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Romans 10:14–15

“How are they to believe in him of whom they have never heard? And how are they to hear without someone preaching? And how are they to preach unless they are sent? As it is written, ‘How beautiful are the feet of those who preach the good news!’ ” (vv. 14b–15).

Questions are raised nearly every time the biblical, Augustinian doctrine of election is presented, many having to do with divine justice, human free will, and other matters. To conclude our brief study of the biblical doctrine of predestination, we will consider one last question that people often ask when they hear that God, out of the good pleasure of His will alone, has chosen only some for salvation. This is the question of the necessity of evangelism. If the Lord has chosen those who will be saved, and if they are certain to be saved, what is the point of evangelism? Does not this teaching on predestination mean that we do not have to preach the gospel because God is going to save His elect anyway?

The simplest response is that we do have to preach the gospel, and we have to do so because the Lord has commanded us to preach the gospel. After all, in Matthew 28:18–20, Jesus commands His people to go into all the world and preach the gospel, making disciples of every nation. No one can hold to the Augustinian, or Calvinistic, doctrine of election without also believing in the sovereignty of God. He is the King of creation, with full authority to command our obedience. What He orders us to do, we must do, regardless of whether we fully understand it.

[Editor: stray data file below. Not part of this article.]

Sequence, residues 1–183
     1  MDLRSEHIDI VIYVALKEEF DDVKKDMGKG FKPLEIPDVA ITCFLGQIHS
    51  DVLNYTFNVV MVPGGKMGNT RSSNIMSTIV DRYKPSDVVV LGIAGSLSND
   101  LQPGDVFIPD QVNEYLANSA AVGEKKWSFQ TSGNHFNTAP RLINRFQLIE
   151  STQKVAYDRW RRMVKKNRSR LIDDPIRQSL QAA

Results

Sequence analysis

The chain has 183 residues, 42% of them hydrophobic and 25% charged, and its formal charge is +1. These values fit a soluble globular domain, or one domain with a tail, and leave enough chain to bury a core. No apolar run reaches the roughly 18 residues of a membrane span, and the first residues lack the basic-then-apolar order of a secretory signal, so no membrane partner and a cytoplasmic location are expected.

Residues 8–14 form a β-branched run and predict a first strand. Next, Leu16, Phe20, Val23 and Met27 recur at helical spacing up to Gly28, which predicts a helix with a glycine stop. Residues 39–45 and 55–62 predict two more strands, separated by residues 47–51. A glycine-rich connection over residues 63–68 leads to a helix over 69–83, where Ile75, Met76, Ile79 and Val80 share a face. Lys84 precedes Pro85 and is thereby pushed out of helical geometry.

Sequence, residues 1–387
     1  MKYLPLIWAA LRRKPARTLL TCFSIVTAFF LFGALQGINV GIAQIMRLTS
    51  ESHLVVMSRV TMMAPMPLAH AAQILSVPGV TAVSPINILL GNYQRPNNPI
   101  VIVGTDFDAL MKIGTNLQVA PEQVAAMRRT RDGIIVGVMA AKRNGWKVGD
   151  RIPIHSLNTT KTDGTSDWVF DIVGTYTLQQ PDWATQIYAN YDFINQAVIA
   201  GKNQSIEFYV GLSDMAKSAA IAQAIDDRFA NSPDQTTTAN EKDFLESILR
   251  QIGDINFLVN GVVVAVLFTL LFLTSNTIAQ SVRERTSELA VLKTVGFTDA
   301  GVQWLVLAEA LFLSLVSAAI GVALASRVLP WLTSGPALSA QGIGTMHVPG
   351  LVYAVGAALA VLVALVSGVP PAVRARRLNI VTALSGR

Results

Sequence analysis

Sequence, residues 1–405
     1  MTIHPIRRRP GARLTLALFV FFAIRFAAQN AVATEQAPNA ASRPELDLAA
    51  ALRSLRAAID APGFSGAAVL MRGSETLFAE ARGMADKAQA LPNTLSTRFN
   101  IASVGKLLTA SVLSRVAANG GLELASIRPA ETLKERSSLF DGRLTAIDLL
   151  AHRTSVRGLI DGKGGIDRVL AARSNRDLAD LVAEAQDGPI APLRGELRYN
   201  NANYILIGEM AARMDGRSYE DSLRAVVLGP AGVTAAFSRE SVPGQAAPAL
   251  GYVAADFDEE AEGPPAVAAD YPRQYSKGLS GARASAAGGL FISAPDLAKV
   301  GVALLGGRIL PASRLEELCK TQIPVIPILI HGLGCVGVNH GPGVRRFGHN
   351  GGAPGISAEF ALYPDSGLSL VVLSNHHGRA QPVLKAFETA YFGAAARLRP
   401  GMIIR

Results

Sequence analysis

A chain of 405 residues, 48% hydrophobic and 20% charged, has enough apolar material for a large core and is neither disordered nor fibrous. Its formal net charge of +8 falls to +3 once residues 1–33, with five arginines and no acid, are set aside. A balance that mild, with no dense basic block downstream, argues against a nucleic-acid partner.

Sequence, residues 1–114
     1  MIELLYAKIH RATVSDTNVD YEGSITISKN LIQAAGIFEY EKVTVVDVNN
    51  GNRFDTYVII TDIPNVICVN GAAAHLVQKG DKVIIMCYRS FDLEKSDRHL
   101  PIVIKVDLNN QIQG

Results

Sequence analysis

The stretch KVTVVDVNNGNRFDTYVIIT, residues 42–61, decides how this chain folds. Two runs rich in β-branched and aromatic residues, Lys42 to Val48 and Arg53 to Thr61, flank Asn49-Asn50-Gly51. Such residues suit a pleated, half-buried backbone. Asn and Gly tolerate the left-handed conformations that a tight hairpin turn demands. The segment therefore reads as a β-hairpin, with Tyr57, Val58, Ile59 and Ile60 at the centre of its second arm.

We evangelize because our Creator commands us to evangelize, but that is not the only reason we engage in evangelism and world missions. The doctrine of predestination means that the Lord does not ordain the end (salvation) without also ordaining the means to that end (the way in which people will receive salvation). God’s plan is comprehensive. He works out all things according to the counsel of His will (Eph. 1:11), and the counsel of His will has determined that He will use His people to reach the lost and call them into His kingdom. He has decided that in the ordinary course of events, people will be saved through the explanation of the gospel on the part of Christians.

The necessity of preaching is found in many places in Scripture, including today’s passage, in which the Apostle Paul notes that the salvation that comes through faith in Christ alone will not be extended without the preaching of the gospel (Rom. 10:14–15). God sends His gospel to the world through the church and its preachers, teachers, and evangelists. This is a great privilege—to be used of the Lord in redeeming people for all eternity.

Coram Deo Living before the face of God

Being used by God to reach the world and call the elect to faith is a great privilege. Of course, the Lord will save all those whom He has chosen, which is good news because it means our outreach failures cannot derail God’s plan to save all His elect. But this should not make us complacent. When we preach the gospel, we are participating in the greatest rescue mission in all of history, namely, the salvation of sinners. What could be more motivating than that?

For Further Study
  • Psalm 40:5
  • Luke 24:36–49

For His Good Pleasure

Risk-Taking Faith

Keep Reading The Fifteenth Century

From the July 2015 Issue
Jul 2015 Issue